It’s war over 16th Street condo

It’s war over 16th Street condo
The Brooklyn Papers / Julie Rosenberg

The battle over one South Slope development is no longer just business, it’s personal.

A bitter, two-year-old dispute over construction in the fast-growing part of the neighborhood has grown into the ultimate grudge match between the builder of a four-story, luxury condo and the couple next door, who charge that their home was damaged during the condo’s construction.

The pair, Mimi Chung and Christopher Grimaldi, wants the developer to pay for thousands of dollars in repairs and has waged a PR war that they say won’t stop until they get the fix-up funds.

“We want people to be aware of the kind of builder that they are dealing with,” said Chung, describing disputes ranging from a lawsuit filed by the developer when the couple refused to let workers use their backyard as a staging area, to expletive-laden emails exchanged after workers tore a 12-foot gash in their two-story home — and then covered it with the wrong color siding.

Chung and Grimaldi have done more than merely complain to the Department of Buildings — which they, and their neighbors, have done so often that the DOB temporarily stopped following up on repeat complaints. Only two of their 24 complaints resulted in violations against the builder, Louis Sellamage.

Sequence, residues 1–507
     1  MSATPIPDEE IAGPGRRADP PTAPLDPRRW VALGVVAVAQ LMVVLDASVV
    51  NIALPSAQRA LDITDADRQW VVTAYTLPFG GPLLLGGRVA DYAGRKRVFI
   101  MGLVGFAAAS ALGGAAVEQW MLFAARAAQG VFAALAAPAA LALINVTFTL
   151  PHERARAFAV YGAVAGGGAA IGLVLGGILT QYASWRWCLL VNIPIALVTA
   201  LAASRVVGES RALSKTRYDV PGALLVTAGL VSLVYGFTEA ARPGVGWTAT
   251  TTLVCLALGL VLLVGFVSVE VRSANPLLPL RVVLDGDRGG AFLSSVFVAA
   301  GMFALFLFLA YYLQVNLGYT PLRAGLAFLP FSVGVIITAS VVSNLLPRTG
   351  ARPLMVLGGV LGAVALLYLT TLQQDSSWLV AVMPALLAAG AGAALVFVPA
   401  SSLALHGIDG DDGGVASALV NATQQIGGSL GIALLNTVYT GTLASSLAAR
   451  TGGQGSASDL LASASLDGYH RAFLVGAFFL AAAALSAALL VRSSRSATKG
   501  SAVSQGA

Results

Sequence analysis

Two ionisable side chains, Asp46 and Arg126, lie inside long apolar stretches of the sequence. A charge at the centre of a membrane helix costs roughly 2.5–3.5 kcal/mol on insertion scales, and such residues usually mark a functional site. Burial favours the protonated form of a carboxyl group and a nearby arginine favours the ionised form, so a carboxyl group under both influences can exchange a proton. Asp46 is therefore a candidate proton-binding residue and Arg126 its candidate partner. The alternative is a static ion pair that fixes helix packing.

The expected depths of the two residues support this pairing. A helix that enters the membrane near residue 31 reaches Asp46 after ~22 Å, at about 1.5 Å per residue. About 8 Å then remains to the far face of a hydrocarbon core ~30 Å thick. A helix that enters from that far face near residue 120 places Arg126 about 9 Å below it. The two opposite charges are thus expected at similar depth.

Chung and Grimaldi have also created a Web site, www. 229vs231.com, and are even shoving flyers into the hands of potential condo buyers.

Sellamage has fired right back, threatening a lawsuit for defamation.

“Each and every public statements regarding this condominium is being noted,” Marc Coupey, Sellamage’s lawyer, told Chung and Grimaldi in a letter that warned of an immediate lawsuit if “further falsehoods” were published.

But even so, a lawyer for the couple, also a community activist, called the couple’s aggressive anti-PR a model for other homeowners in Brooklyn.

“The residents bargained in good faith and were let down,” said John Burns, lawyer and South South Slope neighborhood group founder.

“This is a good example of how to fight back.”

What’s happening on 16th Street? It depends on whether you ask homeowners Mimi Chung and Christopher Grimaldi, who live at 229 16th St., or Louis Sellamage, the developer of the new building next door, at 231 16th St. If good fences make good neighbors, perhaps these people should put up some chain link.
They said… He said…
Workers trespassed onto our roof and used it as a storage shed. A court settlement gave us the right to work there.
A hole was dug under our foundation, letting rainwater seep in. The repair was done shoddily. That problem is fixed.
A 12-foot gash was torn in our home and replaced with siding of the wrong color. No comment.
Sellamage promised to power-wash our property yet never did. No comment.
Sellamage spilled concrete all over our shutters and we had to replace them ourselves. No comment.